Analysis of open source database management system PostgreSQL and other products in the PostgreSQL ecosystem. Related subjects include:
Two years ago I wrote about how Zynga managed analytic data:
Data is divided into two parts. One part has a pretty ordinary schema; the other is just stored as a huge list of name-value pairs. (This is much like eBay‘s approach with its Teradata-based Singularity, except that eBay puts the name-value pairs into long character strings.) … Zynga adds data into the real schema when it’s clear it will be needed for a while.
What was then the province of a few huge web companies is now poised to be a broader trend. Specifically:
- Relational DBMS are adding or enhancing their support for complex datatypes, to accommodate various kinds of machine-generated data.
- MongoDB-compatible JSON is the flavor of the day on the short-request side, but alternatives include other JSON, XML, other key-value, or text strings.
- It is often possible to index on individual attributes inside the complex datatype.
- The individual attributes inside the complex datatypes amount to virtual columns, which can play similar roles in SQL statements as physical columns do.
- Over time, the DBA may choose to materialize virtual columns as additional physical columns, to boost query performance.
That migration from virtual to physical columns is what I’m calling “schema-on-need”. Thus, schema-on-need is what you invoke when schema-on-read no longer gets the job done.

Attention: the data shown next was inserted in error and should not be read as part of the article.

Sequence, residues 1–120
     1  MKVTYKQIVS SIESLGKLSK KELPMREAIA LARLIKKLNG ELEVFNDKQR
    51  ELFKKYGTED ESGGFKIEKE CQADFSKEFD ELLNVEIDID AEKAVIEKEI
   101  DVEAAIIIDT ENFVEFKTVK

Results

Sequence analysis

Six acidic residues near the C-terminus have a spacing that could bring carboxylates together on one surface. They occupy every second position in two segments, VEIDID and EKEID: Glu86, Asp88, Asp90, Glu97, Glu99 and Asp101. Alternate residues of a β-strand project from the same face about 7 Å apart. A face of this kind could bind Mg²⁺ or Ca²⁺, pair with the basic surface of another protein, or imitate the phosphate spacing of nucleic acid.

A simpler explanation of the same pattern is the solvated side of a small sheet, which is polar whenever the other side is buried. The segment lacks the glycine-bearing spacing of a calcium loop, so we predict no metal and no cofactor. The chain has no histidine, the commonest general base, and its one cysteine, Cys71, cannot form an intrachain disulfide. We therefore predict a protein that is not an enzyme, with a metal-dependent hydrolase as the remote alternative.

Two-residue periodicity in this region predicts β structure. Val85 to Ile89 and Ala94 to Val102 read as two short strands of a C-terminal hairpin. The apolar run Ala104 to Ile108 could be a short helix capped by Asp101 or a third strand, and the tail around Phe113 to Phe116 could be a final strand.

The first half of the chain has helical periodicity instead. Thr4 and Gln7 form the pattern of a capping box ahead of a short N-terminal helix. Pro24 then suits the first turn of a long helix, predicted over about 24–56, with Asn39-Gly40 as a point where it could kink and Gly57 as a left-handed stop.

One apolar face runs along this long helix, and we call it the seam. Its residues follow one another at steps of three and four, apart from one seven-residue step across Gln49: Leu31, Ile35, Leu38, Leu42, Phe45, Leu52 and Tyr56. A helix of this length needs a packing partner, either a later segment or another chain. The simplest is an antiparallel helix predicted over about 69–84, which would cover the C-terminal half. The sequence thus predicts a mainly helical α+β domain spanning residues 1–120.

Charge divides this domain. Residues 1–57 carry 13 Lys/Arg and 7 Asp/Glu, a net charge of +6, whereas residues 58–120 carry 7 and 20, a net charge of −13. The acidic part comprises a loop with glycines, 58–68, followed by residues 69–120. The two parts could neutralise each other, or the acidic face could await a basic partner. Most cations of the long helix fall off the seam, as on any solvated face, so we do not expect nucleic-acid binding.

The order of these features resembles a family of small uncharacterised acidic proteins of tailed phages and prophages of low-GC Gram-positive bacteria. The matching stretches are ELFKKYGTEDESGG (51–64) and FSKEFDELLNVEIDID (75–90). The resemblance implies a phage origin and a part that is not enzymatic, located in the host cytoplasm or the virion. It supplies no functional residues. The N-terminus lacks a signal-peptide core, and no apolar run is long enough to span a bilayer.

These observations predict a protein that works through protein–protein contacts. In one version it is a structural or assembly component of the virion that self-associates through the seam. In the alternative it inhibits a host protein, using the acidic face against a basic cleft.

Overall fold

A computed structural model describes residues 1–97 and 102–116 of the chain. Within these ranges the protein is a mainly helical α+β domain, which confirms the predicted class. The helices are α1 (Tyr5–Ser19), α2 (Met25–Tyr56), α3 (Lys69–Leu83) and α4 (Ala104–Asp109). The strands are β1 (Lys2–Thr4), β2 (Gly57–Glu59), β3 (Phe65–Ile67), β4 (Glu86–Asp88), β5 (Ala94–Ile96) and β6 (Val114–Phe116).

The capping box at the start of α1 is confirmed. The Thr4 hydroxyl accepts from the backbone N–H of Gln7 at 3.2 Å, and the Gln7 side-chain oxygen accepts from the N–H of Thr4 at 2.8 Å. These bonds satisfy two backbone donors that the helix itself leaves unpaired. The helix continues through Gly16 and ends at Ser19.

|Categories: Data models and architecture, Data warehousing, MongoDB and 10gen, PostgreSQL, Schema on need, Structured documents||6 Comments|
A few days ago I posted Daniel Abadi’s thoughts in a discussion of Hadapt, Microsoft PDW (Parallel Data Warehouse)/PolyBase, Pivotal/Greenplum Hawq, and other SQL-Hadoop combinations. This is Dave DeWitt’s response. Emphasis mine.
|Categories: Benchmarks and POCs, Cloudera, Clustering, Data warehousing, Greenplum, Hadapt, Hadoop, MapReduce, Microsoft and SQL*Server, PostgreSQL||5 Comments|
Perhaps the single toughest question in all database technology is: Which different purposes can a single data store serve well? — or to phrase it more technically — Which different usage patterns can a single data store support efficiently? Ted Codd was on multiple sides of that issue, first suggesting that relational DBMS could do everything and then averring they could not. Mike Stonebraker too has been on multiple sides, first introducing universal DBMS attempts with Postgres and Illustra/Informix, then more recently suggesting the world needs 9 or so kinds of database technology. As for me — well, I agreed with Mike both times.